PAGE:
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I tried to solve this equation without success.
anyone know how to do it?

$$ \sum_{k=0}^n k \binom n k^{2} = n \binom{2n-1}{n-1} $$

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I think this… must help you. – pointer May 25 '14 at 22:20
"Identity" would be a more apt word that "equation". An identity is an equality that is true regardless of the values of any free variables (in this case, $n$ is free). "Equation" is usually (not quite always) means an equality in which you're trying to figure out which values of any free variables make it true. – Michael Hardy May 25 '14 at 22:21
. . . and I just noticed that although you said "prove" in the subject line, you said "solve" in the body of the question. What you're talking about here is proving an identity, not solving an equation. – Michael Hardy May 26 '14 at 2:33

A committee consists of $n$ Democrats and $n$ Republicans. You will randomly choose $k$ of the Democrats and $n-k$ of the Republicans for a subcommittee. The number of ways to do that is $$ \sum_{k=0}^n \binom n k \binom n {n-k} = \sum_{k=0}^n {\binom n k}^2. $$ The probability that you get exactly $k$ Democrats is $$ \frac{{\dbinom n k}^2}{\dbinom{2n}{n}} $$ since the denominator is the total number of ways to choose $n$ out of $2n$.

The expected number of Democrats is $n/2$, by symmetry. Hence $$ \sum_{k=0}^n k\Pr(\text{number of Democrats}=k) = \frac n 2. $$ Thus $$ \sum_{k=0}^n k {\binom n k}^2 = \frac n 2 \binom{2n}{n}. $$

Finally, note that


using standard identities for binomial coefficients.

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the right side of your identity is not equal to what I wrote in the question. can I ask why? – user144555 May 25 '14 at 22:51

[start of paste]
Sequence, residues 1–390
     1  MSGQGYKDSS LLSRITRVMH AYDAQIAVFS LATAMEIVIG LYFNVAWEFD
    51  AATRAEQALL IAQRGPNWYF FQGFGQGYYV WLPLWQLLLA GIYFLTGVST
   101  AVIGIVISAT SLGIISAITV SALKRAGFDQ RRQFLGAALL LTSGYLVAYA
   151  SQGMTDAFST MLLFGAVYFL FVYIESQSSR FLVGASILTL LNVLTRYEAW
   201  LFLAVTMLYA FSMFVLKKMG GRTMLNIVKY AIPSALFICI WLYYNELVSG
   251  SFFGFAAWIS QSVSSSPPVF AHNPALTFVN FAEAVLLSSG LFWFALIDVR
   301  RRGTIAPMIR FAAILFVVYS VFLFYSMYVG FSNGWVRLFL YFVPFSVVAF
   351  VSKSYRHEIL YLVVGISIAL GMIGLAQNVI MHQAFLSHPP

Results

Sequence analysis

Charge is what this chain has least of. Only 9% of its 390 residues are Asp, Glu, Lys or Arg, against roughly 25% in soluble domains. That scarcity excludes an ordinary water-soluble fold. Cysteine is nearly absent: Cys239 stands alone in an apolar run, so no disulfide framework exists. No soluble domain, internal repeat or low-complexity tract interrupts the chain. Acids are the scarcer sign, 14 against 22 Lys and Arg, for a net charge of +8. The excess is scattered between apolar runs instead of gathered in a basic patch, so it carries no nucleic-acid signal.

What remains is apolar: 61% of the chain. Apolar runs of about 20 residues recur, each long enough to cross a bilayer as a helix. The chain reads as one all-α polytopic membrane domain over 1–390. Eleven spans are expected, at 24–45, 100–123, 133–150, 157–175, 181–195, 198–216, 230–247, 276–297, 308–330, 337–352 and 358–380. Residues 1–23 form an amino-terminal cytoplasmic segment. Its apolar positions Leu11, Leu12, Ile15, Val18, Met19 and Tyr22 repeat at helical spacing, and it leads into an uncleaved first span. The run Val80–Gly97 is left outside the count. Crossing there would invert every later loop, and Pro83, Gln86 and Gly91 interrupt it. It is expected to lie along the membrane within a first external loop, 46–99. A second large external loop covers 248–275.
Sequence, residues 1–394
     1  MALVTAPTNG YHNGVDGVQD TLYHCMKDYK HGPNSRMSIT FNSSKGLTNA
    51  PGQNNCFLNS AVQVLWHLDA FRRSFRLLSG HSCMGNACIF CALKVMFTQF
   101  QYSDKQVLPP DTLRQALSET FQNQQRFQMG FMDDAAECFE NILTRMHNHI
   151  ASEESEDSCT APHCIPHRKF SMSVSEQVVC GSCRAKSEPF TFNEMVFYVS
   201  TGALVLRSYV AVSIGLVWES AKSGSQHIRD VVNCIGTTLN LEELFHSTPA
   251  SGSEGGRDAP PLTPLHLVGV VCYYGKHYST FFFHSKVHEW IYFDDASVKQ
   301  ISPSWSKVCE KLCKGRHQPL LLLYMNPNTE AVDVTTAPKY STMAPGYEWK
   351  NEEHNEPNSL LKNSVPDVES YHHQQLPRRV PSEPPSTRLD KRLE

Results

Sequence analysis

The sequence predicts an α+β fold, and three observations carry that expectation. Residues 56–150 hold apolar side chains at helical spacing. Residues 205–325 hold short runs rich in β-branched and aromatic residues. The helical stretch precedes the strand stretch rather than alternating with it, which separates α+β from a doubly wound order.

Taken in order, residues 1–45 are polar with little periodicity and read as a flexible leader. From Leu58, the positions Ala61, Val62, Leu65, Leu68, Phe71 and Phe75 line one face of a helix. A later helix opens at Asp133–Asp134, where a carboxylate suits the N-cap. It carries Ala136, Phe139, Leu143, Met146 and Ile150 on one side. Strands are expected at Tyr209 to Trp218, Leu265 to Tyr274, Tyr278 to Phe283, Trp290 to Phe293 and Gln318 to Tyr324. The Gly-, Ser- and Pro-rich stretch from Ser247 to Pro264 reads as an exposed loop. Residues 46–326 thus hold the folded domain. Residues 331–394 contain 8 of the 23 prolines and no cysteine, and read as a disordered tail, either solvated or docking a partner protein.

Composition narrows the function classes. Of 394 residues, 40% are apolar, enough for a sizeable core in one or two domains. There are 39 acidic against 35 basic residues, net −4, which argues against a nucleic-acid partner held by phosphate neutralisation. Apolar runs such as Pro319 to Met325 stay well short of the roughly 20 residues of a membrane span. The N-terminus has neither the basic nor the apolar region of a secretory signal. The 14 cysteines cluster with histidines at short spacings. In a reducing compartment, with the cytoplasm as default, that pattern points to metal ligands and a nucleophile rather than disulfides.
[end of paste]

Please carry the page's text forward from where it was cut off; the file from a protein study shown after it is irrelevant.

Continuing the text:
@Michael, I fixed a small error and added some explanation to address the query in the OP's comment. I hope you're OK with the edit. – Barry Cipra May 25 '14 at 23:24
I think Barry Cipra's edit may deal with the first comment above, except for this: never conclude that two things are not equal merely because they don't immediately look the same. – Michael Hardy May 26 '14 at 1:00

Here's an approach using generating functions. By the binomial theorem, $$ \sum_{k=0}^n \binom{n}{k} x^k = (1 + x)^n \, . $$ Differentiating the above and then multiplying by $x$, we have $$ \sum_{k=0}^n k \binom{n}{k} x^{k} = nx(1+x)^{n-1} \, . $$ Let $[x^m] f(x)$ denote the coefficient of $x^m$ in $f(x)$. By the convolution formula for ordinary generating functions, then \begin{align*} \sum_{k=0}^n k \binom{n}{k}^2 &=\sum_{k=0}^n k \binom{n}{k} \binom{n}{n-k}= [x^n] \left(nx(1+x)^{n-1}\right) (1+x)^n\\ &= [x^{n-1}] n (1+x)^{2n-1} = n \binom{2n-1}{n-1} \end{align*} as desired.

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And here's another proof using binomial theorem. Let $$S=\sum\limits_{k=0}^n k {n \choose k}^2$$ Therefore $$S=0 {n \choose 0}^2+1 {n \choose 1}^2 + \cdots + n {n \choose n}^2$$ Since ${n \choose k}={n \choose n-k}$, we can reverse the sum and add it to itself, which gives us $$2S=(0+n ){n \choose 0}^2+ (1+(n-1)) {n \choose 1}^2 + \cdots + (n+0 ){n \choose n}^2$$ $$2S=n \left( {n \choose 0}^2+ {n \choose 1}^2 + \cdots + {n \choose n}^2 \right)$$

Now, look at the binomial expansion of $(1+x)^n$ and $(x+1)^n$. $$(1+x)^n={n \choose 0}x^0+{n \choose 1}x^1 + \cdots + {n \choose n}x^n$$ $$(x+1)^n={n \choose 0}x^n+{n \choose 1}x^{n-1} + \cdots + {n \choose n}x^0$$ It's clear now that in the product of the above 2 expressions, the coeffecient of $x^n$ will be $$ {n \choose 0}^2+ {n \choose 1}^2 + \cdots + {n \choose n}^2$$. Therefore $$ {n \choose 0}^2+ {n \choose 1}^2 + \cdots + {n \choose n}^2= {2n \choose n}$$ Hence $$S=\frac{n}{2}{2n \choose n}=n{2n-1 \choose n-1}$$

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